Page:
LONDON: The UK will conduct its first test of a new emergency alert service today, with millions of mobile phones set to emit a loud alarm and vibrate at 3pm.
The national system, modelled on similar schemes in Canada, Japan, the Netherlands and the United States, aims to warn the public if there is a danger to life nearby but has generated criticism over “nanny state” intrusion.
A message will say: “This is a test of Emergency Alerts, a new UK government service that will warn you if there’s a life-threatening emergency nearby.”
Emergency services and the government hope to use the system to alert people to issues such as severe flooding and fires.
The 10-second alarm, which will sound even if phones are on silent, is expected to disrupt entertainment and sporting events, including Premier League football matches.
Organisers of the World Snooker Championship will pause play just before the alert, while the Society of London Theatre has advised its members to tell audiences to turn off their phones.
Drivers have been warned not to pick up their phones during the test, and people who do not wish to receive the alerts can opt out in their device settings.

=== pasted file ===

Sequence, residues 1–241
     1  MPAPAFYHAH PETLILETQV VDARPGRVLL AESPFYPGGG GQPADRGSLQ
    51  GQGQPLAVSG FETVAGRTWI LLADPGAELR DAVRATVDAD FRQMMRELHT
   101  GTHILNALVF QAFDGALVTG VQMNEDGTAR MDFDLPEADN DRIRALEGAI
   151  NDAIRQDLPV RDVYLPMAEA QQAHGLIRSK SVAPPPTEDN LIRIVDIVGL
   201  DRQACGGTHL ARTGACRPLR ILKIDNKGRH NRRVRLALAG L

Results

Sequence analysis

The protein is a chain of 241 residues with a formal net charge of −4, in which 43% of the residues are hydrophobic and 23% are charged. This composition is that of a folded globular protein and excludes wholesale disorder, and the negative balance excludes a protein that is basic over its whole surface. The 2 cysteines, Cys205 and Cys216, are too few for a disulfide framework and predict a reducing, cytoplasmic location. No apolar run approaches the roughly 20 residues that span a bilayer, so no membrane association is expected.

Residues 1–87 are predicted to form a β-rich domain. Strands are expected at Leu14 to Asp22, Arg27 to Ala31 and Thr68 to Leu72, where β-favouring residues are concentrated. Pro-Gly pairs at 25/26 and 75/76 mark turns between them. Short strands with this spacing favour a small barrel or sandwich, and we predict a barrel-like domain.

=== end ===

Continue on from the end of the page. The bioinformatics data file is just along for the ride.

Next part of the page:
“Keep Calm and Carry On. That is the British way and it is exactly what the country will do when they receive this test alert at 3:00 pm today,” said Deputy Prime Minister Oliver Dowden.
“The government’s number-one job is to keep people safe and this is another tool in the toolkit for emergency situations.”
But some Conservative figures have criticised the plan, with former minister Jacob Rees-Mogg urging people to defy the government’s calls and “switch off the unnecessary and intrusive alert”.
“It is back to the nanny state – warning us, telling us, mollycoddling us when instead they should just let people get on with their lives,” he said.
Daily Mail columnist Sarah Vine, ex-wife of government minister Michael Gove, called the plans “terrifying”.
“This Sunday, at 3pm … the government intends to rattle our collective cages by invading our mobile phones – and our privacy – with its absurd emergency test signal. The notion is as terrifying as it is tiresome,” she wrote.
“Terrifying because it’s a reminder of the tyranny imposed on all of us by the technology that has invaded our homes like Japanese knotweed, infiltrating every aspect of our daily lives,” she added.
But Judy Edworthy, an international expert in alarm systems and psychology professor at the University of Plymouth, said the alert system was a positive development, even if its first airing may surprise people.
“Despite the message explaining it is a test, I expect some people may well be astonished,” she told the domestic Press Association.
“If it makes people look at their phones and read the message, and then act on it, it can be said to have worked,” she added.
MPs also criticised the decision to hand the lucrative IT contract for the alert system to Fujitsu, the Japanese firm responsible for faulty software in the Post Office system that led to innocent sub-postmasters receiving fraud convictions.